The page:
David Brent has cashed in his pensions, taken unpaid leave and hit the road in an attempt to achieve his dream of rock stardom.
Directed, written by and starring Ricky Gervais, David Brent: Life on the Road catches up with Brent twelve years on from the BBC mockumentary The Office to find he is now a travelling salesman with Lavichem, a cleaning and ladies’ personal hygiene products company. However, he hasn’t given up on his dream of rock stardom and is about to embark on a self-financed UK tour with his band, Foregone Conclusion.
When it was first shown on BBC 2, The Office was very nearly cancelled due to its low ratings, but is now regarded as one of the greatest British sitcoms of all time and has become one of the most successful UK comedy exports.
It made a household name out of its cast such as Martin Freeman, Stephen Merchant and of course Brent himself, Ricky Gervais.
Gervais says ‘This is a lot different to The Office – this is a lot more about Brent’s private life. I always said I would never bring The Office back and I never will. It would be a bit weird to revisit a sitcom with all the same people at the same desks after 15 years, it would be really hokey and sad!”
“Brent’s slightly more confessional than he was in the 90s – in a good way. He’s been through a bit of therapy and he’s come out of it with his chin held high. I think in the film we see slight changes, a slight evolution, a slight change of environment, but it’s always out of the frying pan in to the fire. He is his own worst enemy and he brings a lot of it on himself, but some of it he can’t help. He can’t help his age. He can’t help where he was born. He can’t help how he looks. He can’t help some of those things that the world looks down upon him for, but he can help most of it!”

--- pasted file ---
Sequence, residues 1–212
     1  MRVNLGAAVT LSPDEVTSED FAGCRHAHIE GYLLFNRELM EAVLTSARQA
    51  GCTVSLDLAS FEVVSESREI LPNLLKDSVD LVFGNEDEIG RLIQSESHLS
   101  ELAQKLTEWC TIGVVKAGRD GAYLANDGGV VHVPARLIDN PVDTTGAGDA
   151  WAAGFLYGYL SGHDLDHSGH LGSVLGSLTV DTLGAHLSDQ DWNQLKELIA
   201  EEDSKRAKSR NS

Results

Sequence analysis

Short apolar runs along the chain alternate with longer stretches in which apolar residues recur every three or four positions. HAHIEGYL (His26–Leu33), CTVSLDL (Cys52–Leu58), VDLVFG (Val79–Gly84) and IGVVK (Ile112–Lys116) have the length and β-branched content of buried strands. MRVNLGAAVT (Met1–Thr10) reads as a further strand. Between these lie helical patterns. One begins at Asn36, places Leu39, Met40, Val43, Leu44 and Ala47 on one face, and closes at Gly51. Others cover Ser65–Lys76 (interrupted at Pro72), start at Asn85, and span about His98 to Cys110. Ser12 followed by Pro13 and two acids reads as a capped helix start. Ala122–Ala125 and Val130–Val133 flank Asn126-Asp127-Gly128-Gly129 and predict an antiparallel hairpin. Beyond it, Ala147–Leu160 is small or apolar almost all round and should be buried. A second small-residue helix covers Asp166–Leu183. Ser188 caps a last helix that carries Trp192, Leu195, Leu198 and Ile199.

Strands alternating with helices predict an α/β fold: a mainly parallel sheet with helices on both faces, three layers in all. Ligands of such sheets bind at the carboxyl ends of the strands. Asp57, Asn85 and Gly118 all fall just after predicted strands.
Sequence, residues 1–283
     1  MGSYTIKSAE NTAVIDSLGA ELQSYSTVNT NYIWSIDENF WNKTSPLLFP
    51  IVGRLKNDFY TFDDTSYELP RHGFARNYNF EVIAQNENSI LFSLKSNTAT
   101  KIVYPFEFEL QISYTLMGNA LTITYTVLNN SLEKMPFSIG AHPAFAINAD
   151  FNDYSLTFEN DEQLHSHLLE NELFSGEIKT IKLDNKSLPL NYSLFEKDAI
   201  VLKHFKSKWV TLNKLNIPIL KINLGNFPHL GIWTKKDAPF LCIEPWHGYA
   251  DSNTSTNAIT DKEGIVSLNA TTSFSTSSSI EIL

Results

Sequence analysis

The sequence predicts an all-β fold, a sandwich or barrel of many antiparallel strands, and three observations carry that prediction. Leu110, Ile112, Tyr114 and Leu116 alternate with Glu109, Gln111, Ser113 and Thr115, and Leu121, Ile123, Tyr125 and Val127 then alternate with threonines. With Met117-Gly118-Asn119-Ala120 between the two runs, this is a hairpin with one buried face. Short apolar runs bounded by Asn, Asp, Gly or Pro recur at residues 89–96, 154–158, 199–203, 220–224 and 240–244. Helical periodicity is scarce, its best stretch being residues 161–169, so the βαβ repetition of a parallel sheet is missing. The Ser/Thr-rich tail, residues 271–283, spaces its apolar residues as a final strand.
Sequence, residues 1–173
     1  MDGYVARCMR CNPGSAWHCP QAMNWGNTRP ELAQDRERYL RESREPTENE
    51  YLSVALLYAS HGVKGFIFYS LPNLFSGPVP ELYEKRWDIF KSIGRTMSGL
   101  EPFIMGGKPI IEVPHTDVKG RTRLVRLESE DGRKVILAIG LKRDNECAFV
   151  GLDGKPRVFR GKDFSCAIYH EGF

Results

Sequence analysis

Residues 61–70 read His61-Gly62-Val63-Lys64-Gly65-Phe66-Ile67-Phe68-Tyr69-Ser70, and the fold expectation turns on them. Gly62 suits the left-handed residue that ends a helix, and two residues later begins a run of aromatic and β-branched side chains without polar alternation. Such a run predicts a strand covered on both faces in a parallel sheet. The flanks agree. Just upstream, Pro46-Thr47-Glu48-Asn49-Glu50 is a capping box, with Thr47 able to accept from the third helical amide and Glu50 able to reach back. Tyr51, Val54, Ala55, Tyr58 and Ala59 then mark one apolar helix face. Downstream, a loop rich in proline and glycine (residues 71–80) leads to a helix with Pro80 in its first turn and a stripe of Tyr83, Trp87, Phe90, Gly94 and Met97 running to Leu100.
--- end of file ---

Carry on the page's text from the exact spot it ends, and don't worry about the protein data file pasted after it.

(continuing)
We were delighted to be invited along for a screening and can report that the passing years have not diluted Brent's unwittingly offensive attitude; it still makes for truly excruciating viewing! He has a tendency to promote himself as an intelligent and politically correct middle-class man, but often demonstrates a terrible attitude towards ethnic minorities, disabled people and women. His various attitudes and faux-pas – cringeworthy and insulting as they may appear to the audience – are rarely malicious and are frequently the result of naivety and self-delusion combined with being in the wrong place at the wrong time. His remarks are commonly compounded by awkward retractions once he realizes the implications of what he’s said.
Even twelve years on, he still has a consistent need to be acknowledged as a cutting edge comedian, as well as being skilled in sales and music – but is still sadly perceived as pretentious, arrogant and awkward. When asked how Brent is seen in 2016, Gervais says, “Brent is like a Frankenstein of everyone I knew growing up and working with and he’s just a very ordinary man who is trying to achieve something he’s not capable of – and that’s quite funny.
“He has changed, he is older – some would say a little bit wiser, but we find out what’s happened since his days on The Office. He’s had a little bit of a breakdown, which was on the cards. It’s about how he coped with it and how he coped with fame and how he’s still obsessed with it and how he still wants it even though it’s not his friend – and nor is the camera. He thinks it will be different.”
Be prepared to enjoy in all its cringeworthy splendour life of the road with David Brent!
David Brent: Life on the Road opens at Showcase Cinemas on August 19